Sens. grant funds to tackle Huntington opioid crisis

Danite Belay, Reporter

U.S. Senators Joe Manchin and Shelley Moore Capito announced that $350,000 from the U.S. Department of Health and Human Services, Office of Public Health and Science and Office of Minority Health is being granted to the city of Huntington to help tackle the opioid crisis the city is facing. The funds will assist minority health community programs to improve minority health.

“The women and men on the front lines fighting this epidemic are the best among us, and I will continue to fight to ensure they have the resources they need to fight this epidemic,” Manchin said in a press release. “I continue to be encouraged by their commitment to tackling this crisis, and together we can bring this epidemic to an end.”

With the highest drug overdose death rate in the country, West Virginia is facing a serious problem. Huntington, named epicenter of the opioid crisis, is in a constant battle to overcome the drug problem.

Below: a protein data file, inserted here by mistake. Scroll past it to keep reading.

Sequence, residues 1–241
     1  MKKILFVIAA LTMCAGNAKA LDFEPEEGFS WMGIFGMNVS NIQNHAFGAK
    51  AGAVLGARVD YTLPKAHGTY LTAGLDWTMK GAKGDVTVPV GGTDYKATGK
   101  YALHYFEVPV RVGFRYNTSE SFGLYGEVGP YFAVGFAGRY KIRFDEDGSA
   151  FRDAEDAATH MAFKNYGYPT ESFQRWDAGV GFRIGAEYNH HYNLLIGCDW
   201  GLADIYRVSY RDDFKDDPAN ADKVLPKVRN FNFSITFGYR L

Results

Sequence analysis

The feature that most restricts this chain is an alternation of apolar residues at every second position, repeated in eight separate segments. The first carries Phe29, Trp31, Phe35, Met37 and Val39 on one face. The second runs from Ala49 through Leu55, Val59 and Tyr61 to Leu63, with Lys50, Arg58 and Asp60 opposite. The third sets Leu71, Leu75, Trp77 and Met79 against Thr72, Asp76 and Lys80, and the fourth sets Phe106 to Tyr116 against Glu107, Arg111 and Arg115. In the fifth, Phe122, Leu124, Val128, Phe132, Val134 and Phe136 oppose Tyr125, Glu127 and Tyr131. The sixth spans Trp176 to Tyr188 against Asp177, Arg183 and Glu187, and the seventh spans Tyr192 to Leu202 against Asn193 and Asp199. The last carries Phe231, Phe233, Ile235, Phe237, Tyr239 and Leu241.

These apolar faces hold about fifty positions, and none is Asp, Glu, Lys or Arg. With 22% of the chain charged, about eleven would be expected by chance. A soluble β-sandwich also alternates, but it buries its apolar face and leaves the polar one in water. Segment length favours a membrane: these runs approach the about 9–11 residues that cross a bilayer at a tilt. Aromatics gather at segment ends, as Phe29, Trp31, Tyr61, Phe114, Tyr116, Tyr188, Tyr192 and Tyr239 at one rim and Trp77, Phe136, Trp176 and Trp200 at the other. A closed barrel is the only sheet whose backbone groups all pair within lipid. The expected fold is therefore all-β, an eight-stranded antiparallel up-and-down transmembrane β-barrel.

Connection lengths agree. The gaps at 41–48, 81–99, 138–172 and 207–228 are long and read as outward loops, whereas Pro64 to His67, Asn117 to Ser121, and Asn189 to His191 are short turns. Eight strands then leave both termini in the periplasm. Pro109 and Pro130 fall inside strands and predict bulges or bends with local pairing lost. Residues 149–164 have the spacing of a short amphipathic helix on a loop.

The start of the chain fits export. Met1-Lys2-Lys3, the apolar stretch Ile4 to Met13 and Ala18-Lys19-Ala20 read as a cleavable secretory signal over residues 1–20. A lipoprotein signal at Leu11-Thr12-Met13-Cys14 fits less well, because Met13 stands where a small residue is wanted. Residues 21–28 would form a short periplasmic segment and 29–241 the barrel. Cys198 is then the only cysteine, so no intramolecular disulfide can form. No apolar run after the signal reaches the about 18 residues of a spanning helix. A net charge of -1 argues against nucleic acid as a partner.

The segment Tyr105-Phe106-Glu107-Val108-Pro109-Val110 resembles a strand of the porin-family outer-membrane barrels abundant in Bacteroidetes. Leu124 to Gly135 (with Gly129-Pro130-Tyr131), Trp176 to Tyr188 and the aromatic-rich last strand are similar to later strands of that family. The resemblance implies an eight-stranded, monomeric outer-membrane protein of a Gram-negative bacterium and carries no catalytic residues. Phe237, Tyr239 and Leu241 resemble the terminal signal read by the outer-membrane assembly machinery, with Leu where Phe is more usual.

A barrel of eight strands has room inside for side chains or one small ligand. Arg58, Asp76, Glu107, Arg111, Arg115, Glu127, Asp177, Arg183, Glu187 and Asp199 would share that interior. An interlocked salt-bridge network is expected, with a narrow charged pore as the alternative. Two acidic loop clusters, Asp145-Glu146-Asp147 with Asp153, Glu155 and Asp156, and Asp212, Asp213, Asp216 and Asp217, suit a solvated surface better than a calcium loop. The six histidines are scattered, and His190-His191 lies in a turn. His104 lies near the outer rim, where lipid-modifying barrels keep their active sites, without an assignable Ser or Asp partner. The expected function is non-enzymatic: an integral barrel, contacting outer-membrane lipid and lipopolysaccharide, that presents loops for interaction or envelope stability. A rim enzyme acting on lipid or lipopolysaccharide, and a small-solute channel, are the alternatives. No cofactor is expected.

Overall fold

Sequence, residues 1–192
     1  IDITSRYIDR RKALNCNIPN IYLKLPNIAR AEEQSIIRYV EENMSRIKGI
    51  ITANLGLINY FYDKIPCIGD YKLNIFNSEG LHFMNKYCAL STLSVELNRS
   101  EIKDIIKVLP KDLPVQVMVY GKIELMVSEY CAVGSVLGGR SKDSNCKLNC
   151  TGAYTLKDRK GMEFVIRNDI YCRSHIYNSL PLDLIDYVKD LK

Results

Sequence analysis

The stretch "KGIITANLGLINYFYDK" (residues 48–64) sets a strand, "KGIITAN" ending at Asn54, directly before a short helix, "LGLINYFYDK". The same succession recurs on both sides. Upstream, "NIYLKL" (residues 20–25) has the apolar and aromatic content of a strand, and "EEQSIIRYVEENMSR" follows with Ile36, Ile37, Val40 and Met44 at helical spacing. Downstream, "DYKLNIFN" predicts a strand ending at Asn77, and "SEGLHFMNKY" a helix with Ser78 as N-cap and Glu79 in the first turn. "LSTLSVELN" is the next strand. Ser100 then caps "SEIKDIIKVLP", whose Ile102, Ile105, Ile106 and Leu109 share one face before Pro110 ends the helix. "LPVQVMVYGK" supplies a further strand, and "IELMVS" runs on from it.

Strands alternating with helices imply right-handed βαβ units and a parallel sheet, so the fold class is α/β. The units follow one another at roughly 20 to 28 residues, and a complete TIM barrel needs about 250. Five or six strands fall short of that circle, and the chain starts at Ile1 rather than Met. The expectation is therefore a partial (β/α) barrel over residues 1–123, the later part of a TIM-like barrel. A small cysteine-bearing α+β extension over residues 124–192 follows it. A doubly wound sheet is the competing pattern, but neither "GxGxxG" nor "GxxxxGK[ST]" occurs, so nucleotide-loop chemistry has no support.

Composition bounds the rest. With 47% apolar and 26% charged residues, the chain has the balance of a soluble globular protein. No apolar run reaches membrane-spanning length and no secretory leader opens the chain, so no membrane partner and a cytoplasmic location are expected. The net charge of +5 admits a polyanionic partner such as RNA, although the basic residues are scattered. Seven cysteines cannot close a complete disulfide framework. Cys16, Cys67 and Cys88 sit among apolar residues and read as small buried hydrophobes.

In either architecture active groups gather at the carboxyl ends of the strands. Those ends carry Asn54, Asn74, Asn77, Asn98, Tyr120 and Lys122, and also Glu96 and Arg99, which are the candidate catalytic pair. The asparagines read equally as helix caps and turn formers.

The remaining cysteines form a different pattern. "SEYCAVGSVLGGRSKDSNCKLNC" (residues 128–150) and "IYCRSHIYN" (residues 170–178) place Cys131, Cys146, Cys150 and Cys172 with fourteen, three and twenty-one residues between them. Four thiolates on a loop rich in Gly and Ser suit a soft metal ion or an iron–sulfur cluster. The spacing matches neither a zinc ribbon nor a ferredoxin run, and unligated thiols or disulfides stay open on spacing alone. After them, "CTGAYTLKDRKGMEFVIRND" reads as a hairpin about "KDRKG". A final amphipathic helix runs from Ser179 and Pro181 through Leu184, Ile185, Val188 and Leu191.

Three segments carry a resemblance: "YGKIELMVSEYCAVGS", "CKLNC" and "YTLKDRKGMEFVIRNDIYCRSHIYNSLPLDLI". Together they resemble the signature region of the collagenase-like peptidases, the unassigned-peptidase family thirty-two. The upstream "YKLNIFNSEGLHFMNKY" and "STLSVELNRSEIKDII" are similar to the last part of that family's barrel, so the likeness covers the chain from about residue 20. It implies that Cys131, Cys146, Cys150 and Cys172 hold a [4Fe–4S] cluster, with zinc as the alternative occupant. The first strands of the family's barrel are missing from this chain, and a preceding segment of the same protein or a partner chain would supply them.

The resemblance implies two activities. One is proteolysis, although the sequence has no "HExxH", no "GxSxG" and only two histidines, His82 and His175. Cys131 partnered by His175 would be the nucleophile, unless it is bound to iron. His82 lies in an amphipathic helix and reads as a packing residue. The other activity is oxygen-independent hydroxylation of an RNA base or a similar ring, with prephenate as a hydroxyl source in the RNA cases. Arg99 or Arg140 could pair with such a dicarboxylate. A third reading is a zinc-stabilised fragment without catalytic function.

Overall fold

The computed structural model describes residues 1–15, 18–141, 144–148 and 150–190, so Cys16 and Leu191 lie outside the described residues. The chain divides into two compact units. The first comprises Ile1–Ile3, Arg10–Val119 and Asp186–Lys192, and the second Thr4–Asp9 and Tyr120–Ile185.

“As one of America’s hardest hit cities, Huntington has set a strong example in the fight to end this devastating drug epidemic,” Capito said in a press release. “I have seen the progress city officials and other leaders are making there and am glad this funding will help them continue their heroic efforts.”

Also in an attempt to combat the opioid epidemic, federal grants accumulating to $2 million have been awarded to the city of Huntington. The grants, organized by the Huntington Mayor’s Office of Drug Control Policy, will assist the Quick Response Team and a program at the Western Regional Jail to decrease reoffending rates of inmates with mental health or substance use disorders.

The Quick Response Team is described as “a multidisciplinary and multifaceted approach” that addresses the opioid epidemic. The team will consist of medical care providers, law enforcement, recovery and treatment providers and university researchers to deliver a fast response to people who have overdosed. The team will also conduct individualized screenings to determine a plan of action for substance abusers.

“I applaud all of the law enforcement agencies, corrections officials, university researchers, faith-based leaders, medical care providers and treatment and recovery centers that have worked tirelessly to secure this funding,” Mayor of Huntington Steve Williams said in a press release. “The city of Huntington also extends our gratitude to our congressional delegation for their unrelenting support of our initiatives.”

Danite Belay can be contacted at [email protected]